I'm pretty skeptical on homeopathy, personally. (I started a comment here before you updated the post, but I guess I failed to finish it and post it. Oops!) But this is interesting!

    ReplyDelete
  2. The main reason I refuse to buy into homeopathy is because it violates a well-known Law of Chemistry.

    A bit of explanation first: In chemistry, we mesure the amount of "stuff" we have in a unit called moles. One mole of carbon would be 6.02 x 10^23 carbon atoms. One mole of sugar would be the same number of sugar molecules. This is because the molar mass - the mass of one mole of a substance - differs greatly between what you're looking at, but it's still the same amount of 'stuff'. Case in point: One mole of hydrogen weighs slightly more than one gram. One mole of bismuth weighs about two hundred and nine grams. But, to a chemist, it's still the same amount of stuff.

    For salts, like table salt, it's a little different: One mole is 6.02 x 10^23 formula units, which is in the case of table salt, NaCl, would be one Na+ ion and one Cl- ion. In silver nitrate, which I use below, a formula unit would be one positively-charged silver ion and one negatively-charged nitrate ion.

    So, let's say you want to make some Argentum Nitricum, which is a homeopathic remedy for fear. Argentum nitricum is Latin for silver nitrate, and a little research shows that silver nitrate is the "active" ingredient. Silver nitrate has a molar mass of about 170 grams. So, now you'd have to make a 1:1 mixture. Now, I'm not sure if the homeopaths use a volume/volume, a weight/weight, or a mol/mol ratio, but mol/mol is most generous to homeopathy, so I'll use that.

    We take 170grams of silver nitrate (one mol) and mix it with 18mL of water (roughly one mol of water). That gives us a solution with a concentration of 55.56 mol/L.

    Now, let's make a one C solution. Take one mililiter of this 55.56 solution, and dilute it by a factor of 100. We can calculate the concentration by using the following equation: M_1 x V_1 = M_2 x V_2, where M_1 is our starting concentration, V_1 is 1mL, M_2 is what we want to find (the new concentration) and V_2 is our new volume (100mL). Rearrange and substitute, and we get a new concentration of 0.5556 mol/L. Which means that we have 0.5556mol of silver nitrate for every liter of solution. Since we only have 100mL of solution, we have 0.05556mol, or 3.3447 x 10^22 formula units of silver nitrate.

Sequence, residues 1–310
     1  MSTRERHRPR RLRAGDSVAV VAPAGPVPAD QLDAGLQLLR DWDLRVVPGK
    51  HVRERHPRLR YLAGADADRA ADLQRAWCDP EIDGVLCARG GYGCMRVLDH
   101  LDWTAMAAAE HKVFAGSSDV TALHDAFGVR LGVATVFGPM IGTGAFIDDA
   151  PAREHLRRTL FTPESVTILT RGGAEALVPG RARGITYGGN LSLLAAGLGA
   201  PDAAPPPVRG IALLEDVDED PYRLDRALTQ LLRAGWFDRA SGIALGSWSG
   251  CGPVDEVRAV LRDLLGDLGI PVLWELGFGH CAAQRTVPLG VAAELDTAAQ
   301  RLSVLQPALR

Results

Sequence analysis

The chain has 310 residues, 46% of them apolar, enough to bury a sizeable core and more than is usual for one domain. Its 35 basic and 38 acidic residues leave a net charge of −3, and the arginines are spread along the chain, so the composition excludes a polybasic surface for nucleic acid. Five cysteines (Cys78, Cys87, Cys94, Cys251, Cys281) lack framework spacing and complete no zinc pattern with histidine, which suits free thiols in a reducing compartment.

Now, we should go to a 2C solution. Using the same process, we get 0.0005556mol of silver nitrate, or 3.3447 x 10^20 formula units.

    Repeat this 10 more times, and you'll reach a 12C solution, where in your new solution, you have 3.3447 formula units. Except that you can't have only part of a formula unit, so we have to round. Normally you'd round down here, but I'm trying to be generous to homeopathy, so I'll round up. 4 formula units. Repeat the dilution, for a 13C remedy. Now you'd have 0.04 formula units. Except, as I stated before, you can't have part of a formula unit. Mathematically, there's nothing left of the silver nitrate.

    Now, think that a lot of the remedies out there have stuff that's 100C, or 200C, or even 400C. They're diluting water into water, and coming up with more water.

    As for Dr. Montagnier's study, I'm not qualified to comment on it since I'm a chemist, not a microbiologist, but Orac over at Respectful Insolence does a good job of pointing out likely flaws and providing reasonable alternate explanations for his results here.